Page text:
It is said that generations are defined by the soundtrack of their youth. And that’s true. We all remember the pop songs and music as we grew up and became aware of the wider world. It’s the same with cars and with sport. We all remember our first car and those cars to which we aspired and longed for, the ones whose photographs adorned our bedroom walls. Why do you think the classic car industry has taken off so dramatically.
So too with sporting heroes. Parents and relatives influence their offspring with regard to sport and participation and we all remember our first sporting heroes and passions. Some of us stick with them, and some lose their way and take up golf or fishing. Others continue to indulge their passion for all things automotive, in this case rallying, and one man in particular. The one whose presence was so sorely missed this weekend.
I’m writing this in an empty media centre at Knockhill and the paddock outside is almost deserted. Already the images and the sounds from the weekend are but memories.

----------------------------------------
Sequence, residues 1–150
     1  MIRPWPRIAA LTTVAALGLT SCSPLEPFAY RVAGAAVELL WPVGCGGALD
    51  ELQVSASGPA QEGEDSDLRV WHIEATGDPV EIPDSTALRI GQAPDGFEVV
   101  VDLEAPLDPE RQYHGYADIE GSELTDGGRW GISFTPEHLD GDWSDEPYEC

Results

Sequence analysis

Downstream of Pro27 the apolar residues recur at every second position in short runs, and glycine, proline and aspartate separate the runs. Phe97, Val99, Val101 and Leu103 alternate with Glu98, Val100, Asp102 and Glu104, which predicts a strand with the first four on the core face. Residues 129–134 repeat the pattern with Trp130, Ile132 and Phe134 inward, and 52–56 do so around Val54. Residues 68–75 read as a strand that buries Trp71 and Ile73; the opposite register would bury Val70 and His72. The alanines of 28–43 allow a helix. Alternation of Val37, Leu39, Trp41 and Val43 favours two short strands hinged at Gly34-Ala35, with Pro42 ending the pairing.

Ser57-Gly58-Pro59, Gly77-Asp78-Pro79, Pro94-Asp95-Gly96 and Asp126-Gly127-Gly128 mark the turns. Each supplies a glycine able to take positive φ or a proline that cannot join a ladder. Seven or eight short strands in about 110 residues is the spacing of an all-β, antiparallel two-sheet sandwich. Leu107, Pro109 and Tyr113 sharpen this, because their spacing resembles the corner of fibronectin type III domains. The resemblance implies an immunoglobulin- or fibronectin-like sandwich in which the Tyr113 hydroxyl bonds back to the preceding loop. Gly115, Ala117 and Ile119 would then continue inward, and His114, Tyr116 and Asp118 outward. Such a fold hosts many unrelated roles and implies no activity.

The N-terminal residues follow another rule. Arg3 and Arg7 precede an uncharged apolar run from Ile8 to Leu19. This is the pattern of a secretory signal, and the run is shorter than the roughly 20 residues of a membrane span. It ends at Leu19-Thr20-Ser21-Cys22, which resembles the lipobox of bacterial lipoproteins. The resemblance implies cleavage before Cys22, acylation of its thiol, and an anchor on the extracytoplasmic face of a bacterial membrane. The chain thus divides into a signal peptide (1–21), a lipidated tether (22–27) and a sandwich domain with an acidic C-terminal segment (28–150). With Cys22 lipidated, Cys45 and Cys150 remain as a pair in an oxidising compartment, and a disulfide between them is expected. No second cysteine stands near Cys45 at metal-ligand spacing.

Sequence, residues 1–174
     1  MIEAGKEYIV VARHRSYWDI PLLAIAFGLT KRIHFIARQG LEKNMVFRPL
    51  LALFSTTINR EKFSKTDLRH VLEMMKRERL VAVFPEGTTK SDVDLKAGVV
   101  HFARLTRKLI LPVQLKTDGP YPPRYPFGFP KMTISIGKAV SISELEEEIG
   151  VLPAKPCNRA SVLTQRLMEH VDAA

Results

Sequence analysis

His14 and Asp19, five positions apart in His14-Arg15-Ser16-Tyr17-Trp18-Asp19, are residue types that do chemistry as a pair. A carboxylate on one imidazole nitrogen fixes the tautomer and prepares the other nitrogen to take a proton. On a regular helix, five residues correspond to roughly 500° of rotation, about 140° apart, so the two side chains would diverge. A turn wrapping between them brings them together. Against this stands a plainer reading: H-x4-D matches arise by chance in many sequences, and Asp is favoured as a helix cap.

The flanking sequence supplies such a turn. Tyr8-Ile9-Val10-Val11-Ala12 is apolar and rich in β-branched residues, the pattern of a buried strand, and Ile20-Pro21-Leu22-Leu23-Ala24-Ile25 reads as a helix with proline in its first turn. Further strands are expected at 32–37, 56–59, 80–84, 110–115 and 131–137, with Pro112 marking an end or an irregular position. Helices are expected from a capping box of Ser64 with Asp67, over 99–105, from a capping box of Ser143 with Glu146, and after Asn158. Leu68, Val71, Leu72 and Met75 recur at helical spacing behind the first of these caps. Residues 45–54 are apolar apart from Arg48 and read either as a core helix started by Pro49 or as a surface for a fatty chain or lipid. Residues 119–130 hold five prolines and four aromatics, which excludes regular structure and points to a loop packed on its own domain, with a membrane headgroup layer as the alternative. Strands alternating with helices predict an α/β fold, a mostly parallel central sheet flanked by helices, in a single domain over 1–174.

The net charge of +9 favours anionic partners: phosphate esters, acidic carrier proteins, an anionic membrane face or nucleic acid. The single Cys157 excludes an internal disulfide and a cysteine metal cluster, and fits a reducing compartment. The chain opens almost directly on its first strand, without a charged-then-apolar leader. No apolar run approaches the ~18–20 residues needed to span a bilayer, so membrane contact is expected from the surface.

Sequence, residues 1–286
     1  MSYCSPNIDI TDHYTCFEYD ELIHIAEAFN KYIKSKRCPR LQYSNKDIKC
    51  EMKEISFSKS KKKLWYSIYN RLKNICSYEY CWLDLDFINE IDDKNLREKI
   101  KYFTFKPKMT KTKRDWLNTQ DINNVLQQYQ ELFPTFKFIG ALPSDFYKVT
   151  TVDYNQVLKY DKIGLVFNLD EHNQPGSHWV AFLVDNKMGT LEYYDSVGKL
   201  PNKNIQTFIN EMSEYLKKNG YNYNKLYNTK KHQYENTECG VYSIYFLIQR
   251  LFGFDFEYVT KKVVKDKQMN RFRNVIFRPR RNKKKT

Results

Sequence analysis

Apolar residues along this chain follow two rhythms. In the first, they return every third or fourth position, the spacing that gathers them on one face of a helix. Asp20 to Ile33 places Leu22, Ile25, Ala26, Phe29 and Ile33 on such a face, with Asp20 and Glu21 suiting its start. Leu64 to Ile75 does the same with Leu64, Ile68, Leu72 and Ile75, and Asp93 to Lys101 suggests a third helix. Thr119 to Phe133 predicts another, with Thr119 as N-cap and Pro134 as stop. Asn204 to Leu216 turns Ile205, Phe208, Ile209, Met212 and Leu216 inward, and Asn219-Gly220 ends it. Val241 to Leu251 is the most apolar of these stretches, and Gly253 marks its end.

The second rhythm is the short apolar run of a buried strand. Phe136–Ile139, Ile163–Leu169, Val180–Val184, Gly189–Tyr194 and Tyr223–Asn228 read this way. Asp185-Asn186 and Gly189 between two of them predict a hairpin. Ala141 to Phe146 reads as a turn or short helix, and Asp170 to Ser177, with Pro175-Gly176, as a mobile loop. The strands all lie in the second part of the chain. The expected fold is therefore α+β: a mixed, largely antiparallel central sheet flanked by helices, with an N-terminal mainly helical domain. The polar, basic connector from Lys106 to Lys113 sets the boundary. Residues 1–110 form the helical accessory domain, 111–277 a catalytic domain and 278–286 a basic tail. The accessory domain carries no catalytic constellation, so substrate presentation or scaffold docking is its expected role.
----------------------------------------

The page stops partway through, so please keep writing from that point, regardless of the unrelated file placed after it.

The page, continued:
Perhaps the most difficult and poignant moment for me was surely the parade of Colin’s cars. Despite the fact that many of these cars have been shown and displayed at other events over recent years, this was the first time that we had seen them being driven in public. Not static, but moving, very moving.
I don’t know if you noticed but one car in particular had a bit of a misfire. The first rally car. The Talbot Sunbeam. Big Barry had spent all Friday trying to clean out the carbs and clear its throat. It stubbornly refused all efforts.
It wasn’t the only one here this weekend with a lump in its throat.